DP: Okay. Now, from where you sit, give us a little bit of a longer term view. Do you envision perhaps some sort of moratorium or, dare I say, even a Brexit cancellation?
RM: I think it's too late for that. Let's start with the basic fact that Brexit is done already. I mean, there was a formal withdrawal agreement that was accepted by both sides. Brexit is a fact. Now we're just deciding what kind of Brexit it'll be. Back in October, the OECD predicted that with a no-deal Brexit, the UK's economic growth would suffer a loss of around 3% for the next few years. The reality of the impact of Coronavirus, though, on the economy is far greater, with the UK looking at a 14% decrease in GDP. The Bank of England is predicting that this is the worst economic crash since 1706, as a slight interesting historical note. Another natural disaster happened that year with cold and wet weather causing poor harvest pre-industrial revolution and a war with France, which ended up in much lower outputs.
This is a massive hit to the UK economy, and more so than many other nations in Europe and so the prediction for the economy here is that while it may have a particularly deep recession compared to Germany or France, the recovery may end up being steeper here given to relative strength of the UK economy.
It would appear that UK government may actually be in a better position to threaten a so-called hard Brexit now, coming out of the EU without any trade deal, because of the potential for conflation of the economic damage from the pandemic and Brexit itself. The government may be thinking strategically that now is the time to really push very hard for any concessions it could possibly get on trade, as it'll be very hard to parse the difference of economic impact between Coronavirus and Brexit itself. Combined with the insistence by the UK government, that they will not ask for an extension, it seems a very unlikely that we're going to get one at the end of the year.
Now with the peak of Coronavirus seemingly passed in the UK and most of the EU States, there is some hope that talks can begin. We may get some movement. There's some very recent press about that happening in the UK in terms of trade deals. It is appearing very unlikely, at this point, that we're going to get a real significant trade deal in place before the end of this year. Just a couple of quick notes related to this, is particularly as it relates to financial services and regulation between the EU and the UK, unfortunately, there's very little clarity. Both EU regulators and UK regulators are making plans and have had back-channel negotiations to ensure continued functioning of markets and liquidity. But marketing passports equivalency and the like are very much up in the air, and not necessarily at the forefront of the negotiations right now. As such, we've seen a large number of asset managers from the UK and indeed non-EU countries seeking to establish an EU base for continued access to EU markets.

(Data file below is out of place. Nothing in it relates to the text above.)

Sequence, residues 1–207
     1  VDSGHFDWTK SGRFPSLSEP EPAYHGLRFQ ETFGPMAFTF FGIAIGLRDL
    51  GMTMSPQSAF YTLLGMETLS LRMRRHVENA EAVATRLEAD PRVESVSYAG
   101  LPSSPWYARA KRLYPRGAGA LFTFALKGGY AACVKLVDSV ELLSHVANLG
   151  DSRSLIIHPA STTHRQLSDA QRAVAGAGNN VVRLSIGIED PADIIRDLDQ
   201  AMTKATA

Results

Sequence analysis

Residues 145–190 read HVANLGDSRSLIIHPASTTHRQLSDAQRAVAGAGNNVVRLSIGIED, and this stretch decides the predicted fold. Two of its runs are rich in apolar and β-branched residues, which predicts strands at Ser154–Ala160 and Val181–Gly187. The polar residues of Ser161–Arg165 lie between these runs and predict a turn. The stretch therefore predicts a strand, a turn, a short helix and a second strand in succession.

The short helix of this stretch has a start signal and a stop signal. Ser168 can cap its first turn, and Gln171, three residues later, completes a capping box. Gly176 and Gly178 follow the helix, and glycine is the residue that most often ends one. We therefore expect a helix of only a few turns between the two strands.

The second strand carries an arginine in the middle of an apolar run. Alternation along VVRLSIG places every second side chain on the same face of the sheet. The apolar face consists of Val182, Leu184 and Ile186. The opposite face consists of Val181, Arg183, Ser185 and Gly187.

Then interestingly, on a US-UK note that's related to all this, is the likelihood of a UK-US trade deal. One of the points that the Leave campaign in the UK was pushing is that the UK would be able to negotiate its own deals with the rest of the world. I spoke recently with senior US administration officials about what is the likelihood of this happening? Is it really a priority and was told it really is. Although obviously there are a number of other pressing trade negotiations, for example, China and the US happening right now, the UK deal is pretty high on the priority list for the US and UK governments.
For the UK, a deal would show that the UK can go it alone, as well as providing economic benefit, reduction of tariffs, so they're not particularly high to begin with. But reduction of regulatory and tax barriers between the two. For the US, the UK represents a rich market for US agriculture and manufactured goods, as well as being a good trading partner and the financial services flow back and forth between the two. I think that's where we're going to end up, is a US-UK trade deal and no trade deal between the EU and the UK.
DP: Okay. Robert, well thanks for your unique insight. I'm sure we'll talk again. In the meantime, stay safe.
RM: Thanks, Dave. You too.
DP: Thank you for listening to the EisnerAmper Podcast Series. Visit eisneramper.com for more information on this and a host of other topics. Join us for our next EisnerAmper Podcast when we get down to business.